White Sands National Monument
I arrived in a panic. I had ten, maybe fifteen minutes of sunlight left. I'd have had twenty minutes more if it weren't for those pesky mountains raising the level of the horizon. Fortunately, the park attendant at the gate recognized my desperation, coupled with the anxiety of my lengthy journey, and waved me in. "Pay on your way out."
Fifty yards in, I was already lost. Well, as lost as one can get on a solitary road. On the left, white. On the right, more white. White everywhere. Eventually, the pavement ended and I was driving on it. White underneath. It looked amazingly like snow. I could have driven for hours and felt like I had never moved. I wanted to stop, but wasn't sure if I could. Was there a destination or could you just pull off anywhere? You are allowed to walk on the dunes, right? I wasn't handed any information, so I wasn't sure what the rules were. With the sky quickly growing dark, I chanced it and pulled over.
The dunes were surprisingly firm, not at all like I had imagined. It's quite easy to walk across the surface of the sand, at least if you're on a relatively level surface. The embankments, however, will swallow you whole. Climbing them is a lot like walking under water; you put a whole lot of effort into it and you never really get anywhere. I'm sorry to report there's no real trick to it. Just try to find a shallow incline.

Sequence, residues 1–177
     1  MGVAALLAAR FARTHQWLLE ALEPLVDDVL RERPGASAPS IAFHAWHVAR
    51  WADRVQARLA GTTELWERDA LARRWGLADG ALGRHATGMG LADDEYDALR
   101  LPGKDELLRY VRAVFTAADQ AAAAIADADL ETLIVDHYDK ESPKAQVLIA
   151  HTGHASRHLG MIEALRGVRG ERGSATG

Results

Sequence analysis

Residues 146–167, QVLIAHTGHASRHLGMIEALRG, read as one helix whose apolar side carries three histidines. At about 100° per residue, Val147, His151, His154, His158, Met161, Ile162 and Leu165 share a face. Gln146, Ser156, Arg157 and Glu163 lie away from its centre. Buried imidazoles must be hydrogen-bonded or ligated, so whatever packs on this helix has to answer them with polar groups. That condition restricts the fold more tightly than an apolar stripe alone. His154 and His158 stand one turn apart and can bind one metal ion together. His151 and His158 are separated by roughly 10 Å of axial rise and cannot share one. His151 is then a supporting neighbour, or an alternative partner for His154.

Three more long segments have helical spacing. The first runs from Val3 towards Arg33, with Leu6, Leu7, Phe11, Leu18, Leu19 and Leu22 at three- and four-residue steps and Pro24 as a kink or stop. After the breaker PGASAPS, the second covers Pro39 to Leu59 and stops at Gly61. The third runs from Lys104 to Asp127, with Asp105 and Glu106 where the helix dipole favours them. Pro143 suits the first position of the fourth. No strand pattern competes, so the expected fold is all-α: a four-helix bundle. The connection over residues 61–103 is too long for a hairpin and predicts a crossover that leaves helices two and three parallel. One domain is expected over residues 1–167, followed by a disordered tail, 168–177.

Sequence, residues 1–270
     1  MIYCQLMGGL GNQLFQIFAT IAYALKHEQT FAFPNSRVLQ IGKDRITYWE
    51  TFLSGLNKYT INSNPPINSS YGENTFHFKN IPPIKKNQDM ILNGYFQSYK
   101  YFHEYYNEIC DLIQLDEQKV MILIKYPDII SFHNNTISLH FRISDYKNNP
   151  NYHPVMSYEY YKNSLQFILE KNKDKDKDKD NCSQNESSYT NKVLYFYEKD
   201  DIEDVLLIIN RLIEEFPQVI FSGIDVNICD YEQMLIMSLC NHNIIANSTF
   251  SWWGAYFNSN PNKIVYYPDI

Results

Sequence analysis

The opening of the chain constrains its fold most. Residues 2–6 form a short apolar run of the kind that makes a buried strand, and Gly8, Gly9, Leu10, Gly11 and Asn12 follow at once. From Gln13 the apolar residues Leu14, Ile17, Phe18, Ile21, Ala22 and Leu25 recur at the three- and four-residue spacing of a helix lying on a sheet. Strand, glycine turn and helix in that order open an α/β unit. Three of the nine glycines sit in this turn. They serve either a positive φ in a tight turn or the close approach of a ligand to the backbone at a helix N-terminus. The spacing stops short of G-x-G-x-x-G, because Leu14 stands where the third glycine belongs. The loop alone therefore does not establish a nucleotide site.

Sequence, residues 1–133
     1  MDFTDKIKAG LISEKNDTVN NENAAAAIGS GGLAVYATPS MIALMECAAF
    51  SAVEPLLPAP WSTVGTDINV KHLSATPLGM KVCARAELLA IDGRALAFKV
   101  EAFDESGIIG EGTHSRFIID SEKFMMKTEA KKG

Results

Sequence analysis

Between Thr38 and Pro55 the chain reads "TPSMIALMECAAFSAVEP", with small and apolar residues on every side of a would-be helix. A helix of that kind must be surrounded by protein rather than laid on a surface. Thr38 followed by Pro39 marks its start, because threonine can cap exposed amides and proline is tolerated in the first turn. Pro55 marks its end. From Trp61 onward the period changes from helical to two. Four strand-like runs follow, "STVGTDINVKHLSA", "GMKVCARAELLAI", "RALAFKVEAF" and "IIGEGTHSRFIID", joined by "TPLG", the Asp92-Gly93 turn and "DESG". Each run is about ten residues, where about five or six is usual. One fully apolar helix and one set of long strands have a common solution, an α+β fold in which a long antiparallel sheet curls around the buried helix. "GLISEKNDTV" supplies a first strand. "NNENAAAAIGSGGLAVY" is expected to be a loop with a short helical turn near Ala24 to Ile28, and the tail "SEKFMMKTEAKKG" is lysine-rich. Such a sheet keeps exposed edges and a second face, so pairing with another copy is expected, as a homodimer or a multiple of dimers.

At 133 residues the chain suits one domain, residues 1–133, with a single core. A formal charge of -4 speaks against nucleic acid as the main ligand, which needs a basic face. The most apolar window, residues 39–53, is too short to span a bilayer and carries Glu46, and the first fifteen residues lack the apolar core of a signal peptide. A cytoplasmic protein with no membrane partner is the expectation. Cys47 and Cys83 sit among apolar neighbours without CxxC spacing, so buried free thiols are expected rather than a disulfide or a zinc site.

Like I said, the sand is firm, but it still records your trespass. After walking some distance, I looked back and felt a nervous guilt for marking the pristine white with all those footprints. Again, I wasn't even sure if I was supposed to be there.
My paranoia soon disappeared, however, as I lost sight of my car, the road and the sun, and was quickly replaced by a powerful and mysterious awe. The view was anesthetic. Miles of rippling white gypsum sand in every direction. And it was bathed in that elusive moment of twilight when your eyes don't quite understand everything they see. It was like discovering a place no one had ever witnessed before.
Then the more cynical portion of my brain told me I looked very much like a cigarette butt in an enormous ashtray. With that thought, I started taking pictures.
By the way, a neck strap here is advisable. This is not the sort of place you want to drop a camera. It is worth it, however, to sacrifice the hygiene of a tripod to capture those difficult, but rewarding, dusk-lit images. Disappointingly, I had just enough time to burn a roll of film, but none left over to enjoy White Sands personally. I would have to wait until the film was developed.
But, as I drove out through the dark, I assured myself that I would be back, especially since I never paid. The park attendant who had postponed my fee left before I did.
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